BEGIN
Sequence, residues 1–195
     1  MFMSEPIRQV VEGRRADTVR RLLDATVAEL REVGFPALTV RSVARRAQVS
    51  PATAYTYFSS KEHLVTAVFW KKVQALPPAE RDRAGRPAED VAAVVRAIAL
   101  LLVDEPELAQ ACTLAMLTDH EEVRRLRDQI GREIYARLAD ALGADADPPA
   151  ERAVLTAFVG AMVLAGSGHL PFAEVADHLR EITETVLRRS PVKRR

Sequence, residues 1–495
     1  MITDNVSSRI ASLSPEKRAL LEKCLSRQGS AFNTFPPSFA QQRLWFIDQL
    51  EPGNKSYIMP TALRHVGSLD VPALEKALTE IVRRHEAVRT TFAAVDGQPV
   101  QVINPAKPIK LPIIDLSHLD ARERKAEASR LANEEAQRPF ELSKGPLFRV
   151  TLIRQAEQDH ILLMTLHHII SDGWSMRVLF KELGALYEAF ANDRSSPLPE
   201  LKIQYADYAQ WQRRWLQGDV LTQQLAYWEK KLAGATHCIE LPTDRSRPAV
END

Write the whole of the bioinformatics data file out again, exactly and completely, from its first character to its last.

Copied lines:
Sequence, residues 1–195
     1  MFMSEPIRQV VEGRRADTVR RLLDATVAEL REVGFPALTV RSVARRAQVS
    51  PATAYTYFSS KEHLVTAVFW KKVQALPPAE RDRAGRPAED VAAVVRAIAL
   101  LLVDEPELAQ ACTLAMLTDH EEVRRLRDQI GREIYARLAD ALGADADPPA
   151  ERAVLTAFVG AMVLAGSGHL PFAEVADHLR EITETVLRRS PVKRR

Sequence, residues 1–495
     1  MITDNVSSRI ASLSPEKRAL LEKCLSRQGS AFNTFPPSFA QQRLWFIDQL
    51  EPGNKSYIMP TALRHVGSLD VPALEKALTE IVRRHEAVRT TFAAVDGQPV
   101  QVINPAKPIK LPIIDLSHLD ARERKAEASR LANEEAQRPF ELSKGPLFRV
   151  TLIRQAEQDH ILLMTLHHII SDGWSMRVLF KELGALYEAF ANDRSSPLPE
   201  LKIQYADYAQ WQRRWLQGDV LTQQLAYWEK KLAGATHCIE LPTDRSRPAV